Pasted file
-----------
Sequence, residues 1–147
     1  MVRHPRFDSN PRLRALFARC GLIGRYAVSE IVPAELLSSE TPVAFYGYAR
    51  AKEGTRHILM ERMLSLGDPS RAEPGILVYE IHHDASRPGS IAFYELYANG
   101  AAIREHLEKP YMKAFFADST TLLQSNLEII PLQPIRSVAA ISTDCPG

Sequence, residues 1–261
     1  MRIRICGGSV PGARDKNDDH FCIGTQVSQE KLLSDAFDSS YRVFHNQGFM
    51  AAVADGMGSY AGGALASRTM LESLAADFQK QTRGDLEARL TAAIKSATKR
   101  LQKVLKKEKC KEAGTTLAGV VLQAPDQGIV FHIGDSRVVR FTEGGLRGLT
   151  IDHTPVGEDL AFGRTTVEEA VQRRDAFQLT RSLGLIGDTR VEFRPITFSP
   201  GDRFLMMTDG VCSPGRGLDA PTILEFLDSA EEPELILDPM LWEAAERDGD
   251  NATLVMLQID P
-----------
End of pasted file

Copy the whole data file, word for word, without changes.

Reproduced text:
Sequence, residues 1–147
     1  MVRHPRFDSN PRLRALFARC GLIGRYAVSE IVPAELLSSE TPVAFYGYAR
    51  AKEGTRHILM ERMLSLGDPS RAEPGILVYE IHHDASRPGS IAFYELYANG
   101  AAIREHLEKP YMKAFFADST TLLQSNLEII PLQPIRSVAA ISTDCPG

Sequence, residues 1–261
     1  MRIRICGGSV PGARDKNDDH FCIGTQVSQE KLLSDAFDSS YRVFHNQGFM
    51  AAVADGMGSY AGGALASRTM LESLAADFQK QTRGDLEARL TAAIKSATKR
   101  LQKVLKKEKC KEAGTTLAGV VLQAPDQGIV FHIGDSRVVR FTEGGLRGLT
   151  IDHTPVGEDL AFGRTTVEEA VQRRDAFQLT RSLGLIGDTR VEFRPITFSP
   201  GDRFLMMTDG VCSPGRGLDA PTILEFLDSA EEPELILDPM LWEAAERDGD
   251  NATLVMLQID P